Saturday, September 27, 2008

Disciples Values: The Ecumenical Principle

John 17:20-26

I don’t think I need to remind anyone that there’s an important election on the horizon. Yes, in just a few weeks we’ll elect the 44th President of the United States, among others. Electioneering, as we all know, can be strident, divisive, and even angry. Candidates and their supporters often speak in black and white terms, sometimes even demonizing the other side. The reason they do this, is that it helps them solidify the base – their brand. What’s true of politics, is true of many other areas of life. Consider college football. You can’t root for both the Oregon State Beavers and the Oregon Ducks, USC and UCLA, and I’m just assuming, though I’m new to Michigan, that you can’t root for the Wolverines and say nice things about the Spartans. Indeed, if you drink Pepsi, then surely you won’t like Coke!

The danger in all of this, is that we end up polarized, which leads some of us wondering if Rodney King had the right idea after those LA riots several years back — yes, “Can’t we all just get along?” When things are going badly, can’t we have a bit of a bipartisan consensus?

What is true of the rest of the world, is often true of the church. It’s very easy for us to pursue brand loyalty and even demonize those who are different from us. But when we do this, we often undermine the message of the gospel. When people see us fighting amongst ourselves, they often ask: “Why can’t you just get along?”

That’s the question that the Campbells and Barton Stone asked two centuries ago, and it’s the question that has driven the Disciples ever since. Disciples pastor and ecumenical leader Peter Ainslie, said near the beginning of the 20th century that the "greatest scandal of civilization is that Christians have not learned how to behave toward each other." I suspect that this same concern about the threat of disunity to the gospel, that led Edgar DeWitt Jones to become a leader of the national ecumenical movement, while serving as pastor of this congregation.


When it comes to finding unity in spite of our many differences, St. Paul suggests that we look to Jesus, of whom he wrote:
"In him the fullness of God was pleased to dwell, and through him God was pleased to reconcile to himself all things, whether on earth or in heaven, by making peace through the blood of his cross" (Col. 1:19-20).
Though we humans have a tendency to break things, we’re told that in Jesus, God is at work putting things back together. And, if we are, as the church, the body of Christ, then God must be using us to bring healing and reconciliation to our world. Unfortunately, it appears that we as the church have been wounded, which makes it more difficult for us to help bind up the wounds of the world.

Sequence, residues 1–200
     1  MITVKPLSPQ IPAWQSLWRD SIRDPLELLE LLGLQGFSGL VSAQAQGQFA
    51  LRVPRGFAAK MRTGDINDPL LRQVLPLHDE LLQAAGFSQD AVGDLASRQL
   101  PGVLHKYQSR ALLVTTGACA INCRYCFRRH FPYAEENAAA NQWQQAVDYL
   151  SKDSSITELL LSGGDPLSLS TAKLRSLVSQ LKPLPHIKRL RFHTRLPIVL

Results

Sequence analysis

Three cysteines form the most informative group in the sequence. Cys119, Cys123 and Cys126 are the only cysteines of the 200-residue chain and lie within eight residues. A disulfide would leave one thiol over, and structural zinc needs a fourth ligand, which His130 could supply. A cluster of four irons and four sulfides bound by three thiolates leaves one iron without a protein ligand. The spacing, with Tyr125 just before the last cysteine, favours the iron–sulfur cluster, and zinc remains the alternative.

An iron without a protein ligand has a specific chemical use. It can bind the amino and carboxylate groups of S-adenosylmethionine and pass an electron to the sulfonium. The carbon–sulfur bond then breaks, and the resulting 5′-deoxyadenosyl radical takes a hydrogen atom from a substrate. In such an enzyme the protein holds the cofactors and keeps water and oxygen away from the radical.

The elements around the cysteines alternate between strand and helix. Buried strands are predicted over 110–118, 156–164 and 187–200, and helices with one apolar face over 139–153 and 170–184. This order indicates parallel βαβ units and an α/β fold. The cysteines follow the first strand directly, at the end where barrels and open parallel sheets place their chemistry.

The Campbells and Barton Stone recognized the importance of this problem. They recognized that the church was broken and they tried their best to fix it. Thomas Campbell said that division in the body of Christ is a “horrible evil” that needs to be fixed and Barton Stone said that we should make unity our “polar star,” our guiding purpose. Now, if we’re honest, we have to admit that we’ve been imperfect agents of reconciliation. We’ve experienced our own brokenness and have added our own brands to the Protestant world. But, despite our failures, the pursuit of Christian unity is in our blood. As Kenneth Teegarden, a former General Minister, put it:
“The ideal of Christian unity is to Disciples of Christ what basketball is to Indiana, hospitality is to the South, and nonviolence is to Quakers. It is part of our identity. It is our ‘middle name’. It is ‘the plea’ -- the distinctive cause that has been the Christian Church's reason for existing.”


Things have changed since those early frontier days. Denominational brand identity isn’t what it used to be. Indeed, it’s rare to find people who have been part of one denomination all their lives. That’s why I find it so amazing that there are those of you, who have not only been Disciples all your lives, but you’ve part of this congregation since childhood. In fact, some you were baptized by this congregation’s founding pastor, Edgar DeWitt Jones. Still, even here brand identity isn’t what it used to be.